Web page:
Recently I’ve been on a story kick. I love stories, and I think that’s why I enjoy writing so much.
In anticipation of the upcoming “Blue Like Jazz” movie, I’ve been reviewing some of the stuff I’ve read by Don Miller and remembering just how much he focuses on the idea of our lives as stories.
Naturally, I followed this experience with a trip to the movie theater to see “The Vow,” which uses a framing narrative that describes the theory that we are all a sum of our experiences. Essentially the idea behind this theory is that everything we go through in our lives makes us who we are. I’ve always believed something along those lines, and hearing the idea applied to a movie like that really made me think it over a bit more.
I’m a story person. I love hearing stories; I love telling stories. I think most people would tell you that I am a pretty good storyteller, provided you have several hours to kill. I’m longwinded and believe that it’s better to share too many details than not enough. This is because I believe sharing our stories offers a glimpse into who we are and how we have reached this point in our lives.
I have a few major stories that really reveal why I am the way I am. But really, as people get to know me they start to hear the smaller stories that create the nuance. These stories may not give the bigger picture of my identity, but you reach a certain point where you really discover who someone is based on these past experiences.
When I start to grow close to people, I begin to yearn for their stories. I want to know everything about them, and in order to do that I need to hear every one of their stories. I believe that each story tells me a little bit more about this person and invites me into his/her heart in a way that draws us closer together. The exchange of stories is an opening of the door to the attic, revealing everything we hide about ourselves from the rest of the world.
Thanks to Don Miller, I’m starting to think of God in a similar way. God already knows everything about me, but by my own limited nature I know hardly anything about God. So He’s been so generous as to give me this great big book, with thousands of pages of stories. Up until now I’ve pretty regularly looked to the New Testament writings as a source for inspiration and encouragement. But I’ve sorely neglected the other 70 percent or so of the Bible.
Forever I found the Old Testament to be quite difficult to read. Some of the stories are fascinating, but much of the collection focuses on seemingly mundane laws, genealogies and censuses. And it seems like almost all of the rest of the writings focus on doom and gloom prophecies because the Israelites blew it again. Because I’m a selfish human being my first desire while reading the Bible is to see something that applies to me, and so often I don’t find that in the Old Testament.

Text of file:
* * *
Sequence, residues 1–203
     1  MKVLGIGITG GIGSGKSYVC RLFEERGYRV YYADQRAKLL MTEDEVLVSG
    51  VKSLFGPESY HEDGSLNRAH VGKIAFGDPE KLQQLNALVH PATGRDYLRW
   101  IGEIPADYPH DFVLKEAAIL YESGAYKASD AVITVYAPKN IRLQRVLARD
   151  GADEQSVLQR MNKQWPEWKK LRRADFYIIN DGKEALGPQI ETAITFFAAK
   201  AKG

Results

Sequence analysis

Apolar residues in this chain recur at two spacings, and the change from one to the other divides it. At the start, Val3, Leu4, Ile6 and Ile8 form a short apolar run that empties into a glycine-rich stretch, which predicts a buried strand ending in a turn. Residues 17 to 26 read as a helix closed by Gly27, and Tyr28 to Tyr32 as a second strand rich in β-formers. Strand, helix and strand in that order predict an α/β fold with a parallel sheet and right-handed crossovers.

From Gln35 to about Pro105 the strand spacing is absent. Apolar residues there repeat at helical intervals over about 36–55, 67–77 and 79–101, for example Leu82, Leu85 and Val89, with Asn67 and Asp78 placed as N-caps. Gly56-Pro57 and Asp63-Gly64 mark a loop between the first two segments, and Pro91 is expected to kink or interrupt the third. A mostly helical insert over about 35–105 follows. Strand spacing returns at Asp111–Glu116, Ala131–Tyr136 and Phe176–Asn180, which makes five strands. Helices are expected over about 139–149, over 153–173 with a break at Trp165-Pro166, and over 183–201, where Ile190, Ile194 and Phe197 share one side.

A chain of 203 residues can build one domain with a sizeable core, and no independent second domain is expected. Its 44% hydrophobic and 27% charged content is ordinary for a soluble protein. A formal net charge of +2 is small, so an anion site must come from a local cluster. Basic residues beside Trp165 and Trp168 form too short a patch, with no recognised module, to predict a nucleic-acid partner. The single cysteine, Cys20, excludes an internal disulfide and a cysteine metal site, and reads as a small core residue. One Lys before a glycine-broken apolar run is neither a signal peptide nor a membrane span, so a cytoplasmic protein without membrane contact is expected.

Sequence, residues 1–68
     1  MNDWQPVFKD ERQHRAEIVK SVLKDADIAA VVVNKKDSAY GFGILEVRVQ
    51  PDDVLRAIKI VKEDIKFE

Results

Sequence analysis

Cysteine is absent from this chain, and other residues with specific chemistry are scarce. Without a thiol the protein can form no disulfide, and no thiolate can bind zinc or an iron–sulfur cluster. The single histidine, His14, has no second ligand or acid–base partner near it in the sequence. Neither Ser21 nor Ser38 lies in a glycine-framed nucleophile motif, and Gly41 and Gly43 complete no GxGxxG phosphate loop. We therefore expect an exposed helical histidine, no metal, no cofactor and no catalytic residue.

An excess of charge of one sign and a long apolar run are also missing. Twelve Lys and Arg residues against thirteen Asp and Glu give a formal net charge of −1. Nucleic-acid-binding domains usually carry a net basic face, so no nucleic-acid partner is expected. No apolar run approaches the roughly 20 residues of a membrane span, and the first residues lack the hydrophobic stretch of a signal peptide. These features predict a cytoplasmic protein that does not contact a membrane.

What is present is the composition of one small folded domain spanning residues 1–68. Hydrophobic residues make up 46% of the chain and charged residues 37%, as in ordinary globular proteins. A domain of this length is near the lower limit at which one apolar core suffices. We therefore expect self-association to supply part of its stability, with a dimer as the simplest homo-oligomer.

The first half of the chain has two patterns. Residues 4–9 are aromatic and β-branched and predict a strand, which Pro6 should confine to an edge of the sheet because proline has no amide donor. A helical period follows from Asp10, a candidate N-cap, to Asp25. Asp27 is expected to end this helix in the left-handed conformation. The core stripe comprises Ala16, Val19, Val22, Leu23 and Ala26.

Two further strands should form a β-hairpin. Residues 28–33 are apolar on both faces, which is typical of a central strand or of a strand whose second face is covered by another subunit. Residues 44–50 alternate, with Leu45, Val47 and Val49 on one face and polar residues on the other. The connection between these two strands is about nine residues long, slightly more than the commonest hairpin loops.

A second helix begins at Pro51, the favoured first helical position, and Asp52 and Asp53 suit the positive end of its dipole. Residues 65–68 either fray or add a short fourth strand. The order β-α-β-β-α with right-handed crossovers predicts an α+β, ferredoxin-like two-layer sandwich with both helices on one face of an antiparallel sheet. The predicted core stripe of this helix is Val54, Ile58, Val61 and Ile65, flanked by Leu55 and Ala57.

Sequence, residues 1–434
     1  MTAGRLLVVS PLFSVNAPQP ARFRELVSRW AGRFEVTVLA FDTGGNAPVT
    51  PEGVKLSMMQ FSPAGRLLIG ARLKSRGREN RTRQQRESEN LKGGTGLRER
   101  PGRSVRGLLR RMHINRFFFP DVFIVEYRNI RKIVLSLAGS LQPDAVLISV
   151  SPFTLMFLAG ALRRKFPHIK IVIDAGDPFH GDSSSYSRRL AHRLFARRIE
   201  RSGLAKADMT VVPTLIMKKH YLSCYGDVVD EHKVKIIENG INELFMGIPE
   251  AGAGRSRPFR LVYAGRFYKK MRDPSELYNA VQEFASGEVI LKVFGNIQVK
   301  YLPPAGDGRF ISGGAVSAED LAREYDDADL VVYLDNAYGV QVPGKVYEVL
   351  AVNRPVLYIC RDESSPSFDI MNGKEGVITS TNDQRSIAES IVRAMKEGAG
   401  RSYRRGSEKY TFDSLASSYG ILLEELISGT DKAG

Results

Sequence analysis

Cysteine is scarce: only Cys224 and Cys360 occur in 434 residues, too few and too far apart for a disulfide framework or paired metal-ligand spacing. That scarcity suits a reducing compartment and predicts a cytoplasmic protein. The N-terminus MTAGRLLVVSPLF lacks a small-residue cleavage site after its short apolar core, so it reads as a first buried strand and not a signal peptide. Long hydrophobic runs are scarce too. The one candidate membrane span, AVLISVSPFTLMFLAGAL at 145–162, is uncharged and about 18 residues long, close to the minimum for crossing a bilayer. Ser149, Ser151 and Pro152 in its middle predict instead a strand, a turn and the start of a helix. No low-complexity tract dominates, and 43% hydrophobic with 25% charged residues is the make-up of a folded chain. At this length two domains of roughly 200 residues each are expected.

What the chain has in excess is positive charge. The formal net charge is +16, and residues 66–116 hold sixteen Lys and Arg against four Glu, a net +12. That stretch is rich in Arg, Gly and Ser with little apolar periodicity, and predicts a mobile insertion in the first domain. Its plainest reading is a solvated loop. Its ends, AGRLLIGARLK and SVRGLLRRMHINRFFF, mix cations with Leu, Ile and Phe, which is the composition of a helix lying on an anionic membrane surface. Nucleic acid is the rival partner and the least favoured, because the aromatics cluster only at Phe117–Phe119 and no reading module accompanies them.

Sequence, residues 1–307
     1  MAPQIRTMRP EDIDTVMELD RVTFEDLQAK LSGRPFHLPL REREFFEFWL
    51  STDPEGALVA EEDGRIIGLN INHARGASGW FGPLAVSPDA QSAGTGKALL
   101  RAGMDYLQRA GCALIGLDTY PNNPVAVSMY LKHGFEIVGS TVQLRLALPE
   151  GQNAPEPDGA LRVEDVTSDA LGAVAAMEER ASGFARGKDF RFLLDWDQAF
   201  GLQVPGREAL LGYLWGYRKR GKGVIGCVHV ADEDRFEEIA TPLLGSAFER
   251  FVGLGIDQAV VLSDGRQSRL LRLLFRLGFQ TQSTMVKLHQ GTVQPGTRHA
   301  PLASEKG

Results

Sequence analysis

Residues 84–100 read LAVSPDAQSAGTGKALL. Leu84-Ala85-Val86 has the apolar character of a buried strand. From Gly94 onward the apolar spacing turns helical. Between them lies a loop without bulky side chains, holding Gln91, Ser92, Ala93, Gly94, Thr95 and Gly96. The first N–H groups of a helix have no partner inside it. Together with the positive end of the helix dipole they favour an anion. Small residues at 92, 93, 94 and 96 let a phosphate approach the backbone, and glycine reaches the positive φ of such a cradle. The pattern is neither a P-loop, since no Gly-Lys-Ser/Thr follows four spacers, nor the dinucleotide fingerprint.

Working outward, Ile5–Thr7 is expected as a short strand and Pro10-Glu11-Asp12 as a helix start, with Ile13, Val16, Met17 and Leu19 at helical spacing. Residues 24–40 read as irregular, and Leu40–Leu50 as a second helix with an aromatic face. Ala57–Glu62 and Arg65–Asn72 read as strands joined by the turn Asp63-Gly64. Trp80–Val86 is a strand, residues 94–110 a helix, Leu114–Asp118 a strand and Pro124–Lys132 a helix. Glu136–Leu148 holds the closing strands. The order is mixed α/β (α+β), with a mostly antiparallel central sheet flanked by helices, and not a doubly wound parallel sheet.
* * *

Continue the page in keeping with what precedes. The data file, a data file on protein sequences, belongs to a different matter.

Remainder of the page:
But perhaps that’s not God’s intent. We read the Gospels, Paul’s letters and the rest of the New Testament to get a glimpse of the life God has called us to live. We form a relationship with our Father based on what we find in these writings, and that is absolutely enough… for starters.
Maybe it’s just me, but I can’t imagine meeting an amazing woman and dating her for a while and falling in love without ever asking anything about her past. My love for stories and desire to know how she became the person she is would overwhelm me. I would feel like I’ve fallen for a façade, because I do not know anything about the substance behind it. She may be completely genuine, but I have no way of knowing that if I have no idea how she got here.
Perhaps the Old Testament is the same way. We fall in love with a God who loves us enough to die for us as we read the Gospels. We seek a relationship with our Father as we find the encouragement and love in the Apostles’ letters. Don’t we also need the depth of knowing more about this lover for whom we have fallen? The Old Testament provides that depth. It is God’s history – a history full of love and anger, betrayal and forgiveness, wrath and mercy.
I’m trying to read through the Old Testament again, but this time with a different mindset. My goal is to avoid the desire to read every passage with the question “what can I take from this?” and instead to ask the question “what does this reveal about God?” I want to know God more fully, and the most effective way He shares Himself is through stories. He has given us a lot of stories, but when we fall into the trap of trying to apply everything directly to our lives we miss out on the fact that He is opening his heart and welcoming us inside.
I think it finally hit me when I heard Don Miller talking about the idea of listening to a friend tell a story. He asked what would happen if you interrupted your friend midway through the story and asked how it applied to you, how it could make your life better. Naturally, your friend would think you’re a self-centered jerk.
Too often I am a self-centered jerk. At least I am with God.
When I’m with people I care about, I want to hear their stories. I could listen for hours, laughing at the fun parts and crying while sharing in their devastating memories. In the end I feel like I really know another person far better than I ever could just hanging out. Our lives are our stories, with each scene and chapter an experience that brought us to this point and beyond.
Why would we think of God any differently? When I love someone, I want that person to really know me. I tell a lot of stories and probably drive my friends crazy. But in the end they really know me. I want to really know God. No selfish motives, no desire to “apply it to my life,” just an eagerness to better relate to the heart of God. I think it’s time I start listening to His stories.